Turning the Leaves of a Book 133

Use of a Pencil 133

Practical Exercises for Pupils 133




Carriage of the Body 139

Fundamental Positions and Movements 140

The Position of the Feet 140

The Position of the Arms 142

Exercises Preluninary to the Dance 144

Single Movements of the Feet through which the Dancing

Steps are Rendered Possible 147

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Elementary Dancing Steps 147

Composite Independent Steps 150

The Minuet as a School for Compliments 151

Compliment — Reverence.

The Compliment of Ancient Times 152

The Mediaeval Compliment 152

The Compliment of the 17th and i8th Centuries 153

The Great Reverence for Gentlemen 154

The Great Reverence for Ladies 156

The Little Reverence for Gentlemen 158

The Little Reverence for Ladies 159

Reverence before Several Persons Standing in a Half -Circle. . . 160
The Little Reverence upon Arrival and at Departure, also at

Meeting in Walking, for Gentlemen and for Ladies. . 161-162
The Modem Compliment 163




The Foil 169

The Measure 169

Place and Position , 170

First Position 170

Second Position 171

Attitude of the Hand 172

The Foot Movement 174

The Primary Thrust 176

The Secondary Thrust 177

Simple Parades 178

Counter- Parades 178

The Degagement 179

The Double 179

The Coupe 179

Compliment of Arms 179

General Advice 181

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Women's Dress 185.

Men's Dress. 18&

Combination of Colors 191




What is Decorum ? 197

Politeness and Modesty 198

Deportment toward Ladies 202

Deportment in Large Companies 203

Deportment at a Ball 205 .

Deportment at Table 208

Deportment at the Theatre or Concert 210

The Visit of Ceremony. 211

Audience with Princes 212-

The Manner of Studying this Book without a Teacher 21^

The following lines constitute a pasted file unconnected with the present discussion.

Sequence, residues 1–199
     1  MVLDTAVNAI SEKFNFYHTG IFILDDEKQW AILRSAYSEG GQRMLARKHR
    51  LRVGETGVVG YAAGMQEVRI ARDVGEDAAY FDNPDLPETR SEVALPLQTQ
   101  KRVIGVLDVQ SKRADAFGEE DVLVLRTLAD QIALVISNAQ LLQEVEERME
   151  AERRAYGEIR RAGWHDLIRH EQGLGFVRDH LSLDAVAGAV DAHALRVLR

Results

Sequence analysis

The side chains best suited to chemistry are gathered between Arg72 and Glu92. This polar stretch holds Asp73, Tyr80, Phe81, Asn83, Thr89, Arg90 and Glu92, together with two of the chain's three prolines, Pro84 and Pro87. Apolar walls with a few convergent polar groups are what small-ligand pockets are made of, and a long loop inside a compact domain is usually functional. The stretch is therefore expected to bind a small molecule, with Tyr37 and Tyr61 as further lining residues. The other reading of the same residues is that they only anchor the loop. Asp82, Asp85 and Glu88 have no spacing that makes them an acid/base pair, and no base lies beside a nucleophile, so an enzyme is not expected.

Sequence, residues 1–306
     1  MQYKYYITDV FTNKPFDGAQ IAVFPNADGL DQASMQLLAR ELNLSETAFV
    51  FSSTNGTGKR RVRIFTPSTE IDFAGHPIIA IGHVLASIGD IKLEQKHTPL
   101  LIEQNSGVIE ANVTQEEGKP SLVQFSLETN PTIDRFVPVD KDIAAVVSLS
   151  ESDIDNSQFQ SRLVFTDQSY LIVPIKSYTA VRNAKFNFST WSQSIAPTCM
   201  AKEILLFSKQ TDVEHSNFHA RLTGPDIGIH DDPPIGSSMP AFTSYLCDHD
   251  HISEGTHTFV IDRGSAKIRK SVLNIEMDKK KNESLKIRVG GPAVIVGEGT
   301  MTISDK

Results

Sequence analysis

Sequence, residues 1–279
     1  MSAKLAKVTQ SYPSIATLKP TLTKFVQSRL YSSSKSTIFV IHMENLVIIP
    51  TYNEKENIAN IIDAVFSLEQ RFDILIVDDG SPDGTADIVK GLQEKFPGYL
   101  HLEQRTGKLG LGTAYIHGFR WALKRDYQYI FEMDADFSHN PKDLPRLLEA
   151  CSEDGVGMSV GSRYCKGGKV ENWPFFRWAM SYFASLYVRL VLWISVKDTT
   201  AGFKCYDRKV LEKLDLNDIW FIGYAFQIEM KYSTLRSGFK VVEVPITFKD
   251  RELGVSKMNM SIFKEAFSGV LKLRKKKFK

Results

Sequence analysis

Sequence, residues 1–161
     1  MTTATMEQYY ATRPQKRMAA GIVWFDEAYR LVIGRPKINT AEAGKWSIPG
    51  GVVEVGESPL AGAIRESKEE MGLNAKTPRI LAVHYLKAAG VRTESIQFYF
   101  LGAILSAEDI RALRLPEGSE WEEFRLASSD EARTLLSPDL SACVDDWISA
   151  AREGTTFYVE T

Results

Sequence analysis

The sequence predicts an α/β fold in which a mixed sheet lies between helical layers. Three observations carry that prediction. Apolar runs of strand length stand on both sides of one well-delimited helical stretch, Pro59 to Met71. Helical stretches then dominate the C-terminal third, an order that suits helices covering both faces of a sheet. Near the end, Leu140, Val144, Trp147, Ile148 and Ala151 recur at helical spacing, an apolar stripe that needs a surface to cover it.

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"The thought originates in the brain, the brain acts upon the nerves, the
nerves upon the muscles, the muscles upon the bones, and not until after this
process is it possible for us to undertake any action."

GuTTMANN's ** Gymnastics of the Voice."

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The skeleton of the human body is composed of bones and
cartilages, united by flexible cords, and forming a movable appa-
ratus which can be set in action by the muscles. The peculiar
articulation of the bones gives, rise to cavities within the skeleton
(the cavities of the head, brain, chest, abdomen and pelvis), in
which the various internal organs, designed partly for nourish-
ment and partly for mental activity, have their seat. All these
parts are permeated by greater or smaller veins, and by white
fibres : the former, the arteries, carry the blood from the heart
through the body, and again back to the heart ; and the latter,
the white fibres or nerves, bind the different parts of the body
into one harmonious whole. They proceed from the brain and
the spinal marrow, and, excited by outward or inward impulse,
cause motion, sensation, and intellectual activity. As long as
man lives, a constant change is going on in the particles which
compose his body, and this forces him to take the necessary food.

Physical gymnastics teach the laws through whose observance
this change may go on regularly and advantageously. The office
of (esthetic gymnastics is to make the limbs appear graceful and
pleasing in accordance with (Esthetic laws.

The greater divisions of the human body are the head^ trunk
and limbs. The head^ the upper and most important part, is mov-
ably set upon the neck, and contains the brain in its upper half,
while its lower half forms the face, with cavities for the organs of
the senses. The trunk or torso is divided into four parts, — the
neck, the chest, the abdomen and pelvis, and has its support in
the spinal column. The front of the neck contains the organs of

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the voice, and the air and food tubes. The chest contains the
breathing apparatus and the heart. The abdomen and pelvis
contain the sustaining and reproductive organs. The limbs,'
which enclose no vital organ, are bordered with muscles, and
may be divided into two groups : The upper limbs, the arms,
which consist of the shoulder, the upper arm, and the lower
arm and hand, are joined to the chest by ligaments, while the
loiver limbs, the legs — consisting of the upper and lower leg
and the foot, — are joined by ligaments to the pelvis.
The single bones of these main groups are :

7. The Bones of the Head
Consisting of the skull and the face. The skull is composed of
eight bones, firmly and elaborately united ; the face of fourteen
bones, only one of which, the lower jaw, is movable, while the
upper bones, like those of the skull, are bound strongly together.